40 years of faulty wiring

Picasso the Brilliant Misogynist

I didn’t purposely become a Picasso fan.  In fact I know very little about the man and his work. Whenever I am at an art gallery or out and about and I see a Picasso, I do not know who painted it. The interesting thing is I always walk straight toward it, lured by its uniqueness and say to my friend “that is awesome.”  I get up close enough to see who the artist is and lo and behold, it’s de man! Obviously there are some paintings I know belong to Picasso: his cubism is unmistakable.  The history of Picasso and cubism however, is not as well-known.

Picasso gets all the credit for cutting up people and objects like a jigsaw puzzle then putting the pieces back in all the wrong order. However he alone did not create this genre.  George Braque is overlooked for this one. Poor old Braque never gets his due. To be fair to Picasso, cubism revolutionized European painting and sculpture, It inspired related movements in music, literature and architecture. Cubism has been considered the most influential art movement of the 20th century. Who wouldn’t want to be solely credited for that type of influence? watch picasso & braque: inventing cubism

I mention cubism and Picasso for a reason: his cubism and portrayals of women go hand in hand.  Picasso didn’t love women: he used and abused them, even though women were frequent subjects in his work.   Before he was married to his first wife, Picasso met Fernande Oliviere.  Although Fernande was married, she stayed with Picasso for 7 years.  Fernande modeled for other artists then moved in with Picasso, who prevented her from modeling for others.  Fernande left Picasso in 1912, months after Picasso took an interest in Marcelle Humbert, known as Eva Gouel.  At age 70, Picasso paid the bedridden Fernande a small pension. Picasso was devastated by Gouel’s early death due to tuberculosis or cancer.   Still, during Eva’s sickness Picasso managed a  relationship with Gaby Lespinasse. watch pablo picasso burning sensations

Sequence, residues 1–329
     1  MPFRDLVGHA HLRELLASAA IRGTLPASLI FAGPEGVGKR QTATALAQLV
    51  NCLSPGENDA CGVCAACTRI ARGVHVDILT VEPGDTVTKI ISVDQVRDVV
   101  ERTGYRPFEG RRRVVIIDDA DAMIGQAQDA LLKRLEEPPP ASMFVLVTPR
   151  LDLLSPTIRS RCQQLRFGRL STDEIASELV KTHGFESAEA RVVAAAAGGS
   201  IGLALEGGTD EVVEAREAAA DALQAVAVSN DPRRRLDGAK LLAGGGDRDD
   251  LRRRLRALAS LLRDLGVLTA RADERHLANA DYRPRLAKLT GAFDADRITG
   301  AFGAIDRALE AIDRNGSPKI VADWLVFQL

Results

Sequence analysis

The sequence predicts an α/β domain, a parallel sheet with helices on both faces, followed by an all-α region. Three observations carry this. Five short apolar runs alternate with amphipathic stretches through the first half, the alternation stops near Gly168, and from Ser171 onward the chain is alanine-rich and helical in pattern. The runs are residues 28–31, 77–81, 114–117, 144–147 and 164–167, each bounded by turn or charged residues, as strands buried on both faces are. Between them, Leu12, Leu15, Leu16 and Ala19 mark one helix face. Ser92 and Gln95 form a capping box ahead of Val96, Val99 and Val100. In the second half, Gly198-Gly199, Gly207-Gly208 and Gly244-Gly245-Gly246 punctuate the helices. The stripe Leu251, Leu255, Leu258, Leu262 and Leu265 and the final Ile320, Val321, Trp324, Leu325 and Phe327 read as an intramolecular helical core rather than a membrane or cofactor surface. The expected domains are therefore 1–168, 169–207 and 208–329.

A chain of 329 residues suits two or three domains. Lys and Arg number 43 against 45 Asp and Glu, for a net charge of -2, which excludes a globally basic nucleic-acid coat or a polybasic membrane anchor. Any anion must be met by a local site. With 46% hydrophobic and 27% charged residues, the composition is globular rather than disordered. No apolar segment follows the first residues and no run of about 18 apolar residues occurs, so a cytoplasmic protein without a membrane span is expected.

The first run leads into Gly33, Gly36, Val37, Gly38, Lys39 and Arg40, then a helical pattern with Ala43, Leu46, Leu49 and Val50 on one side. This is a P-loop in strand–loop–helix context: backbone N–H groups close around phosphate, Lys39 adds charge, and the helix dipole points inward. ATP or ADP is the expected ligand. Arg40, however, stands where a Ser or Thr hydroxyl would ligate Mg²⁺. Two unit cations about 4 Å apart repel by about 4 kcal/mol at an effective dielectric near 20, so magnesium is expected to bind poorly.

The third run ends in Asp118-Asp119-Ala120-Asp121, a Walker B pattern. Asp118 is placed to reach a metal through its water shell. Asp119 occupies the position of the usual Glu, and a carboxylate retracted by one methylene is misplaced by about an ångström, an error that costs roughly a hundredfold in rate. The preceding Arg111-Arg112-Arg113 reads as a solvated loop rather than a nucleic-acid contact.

When he was married to his first wife he boldly installed his 17-year-old mistress in an apartment across the street and moved in with her.  His wife was Olga Khokhlova, a ballerina with the Sergei Diaghilev troupe. In 1927 Picasso met the teenaged Marie-Thérèse Walter and began a secret affair with her. Picasso’s relation with Marie was kept from Olga until Olga was told of Marie’s pregnancy. Picasso’s marriage to Khokhlova soon ended. Picasso fathered a daughter with Walter. Marie understandably became jealous when Picasso started to fall in love with Dora Maar in 1936. Marie-Thérèse lived in the vain hope that Picasso would one day marry her, and hanged herself four years after Picasso’s death. watch picasso’s women through 7 paintings

In 1943 Picasso (age 62) then kept company with young art student Françoise Gilot (born in 1921). Gilot, frustrated with Picasso’s relationships with other woman and his abusive nature left him in 1953. Dejected and alone, in 1953 Picasso met Jacqueline Roque and she became his second wife.  Jacqueline died from shooting herself in 1986.  watch surviving picasso

Two wives.  Several mistresses.  Two women who committed suicide after loving Picasso.  Infidelity and betrayal.  A selfish disregard for his many women’s’ dignity and feelings.  Picasso was not a lover.  Picasso was a misogynist.  Small wonder that he painted pictures of his women, scattered their image and reassembled them into a cubist work of art,  just as he scattered their lives into turmoil, rearranged their lives and dignity, leading them to a traumatic end. watch picasso paints a woman

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July 13, 2012 - Posted by | Bizarre yet True, Celebrity Chic, Human psychology, Pop Culture, Relationships | , , , , , , ,

1 Comment »

  1. Thanks for the article. In terms of Cubism, I’m glad to see a resurgence in the acknowledgement of the part that Braque played in its development. In fact, with the except of the first collage, every single innovation in Cubism was made by Braque: from papier collé and oval canvases, to the actual fragmentation, the stencilled letters, faux bois, and so forth. To be honest, I prefer Braque’s work to Picasso’s, and that includes after Cubism too.

    As for his misogyny… Hmmm. Yes. John Richardson gave him too big a benefit of the doubt in his otherwise outstanding biography.

    Comment by Mr Wildstomp (@Kodanshi) | October 19, 2012 | Reply


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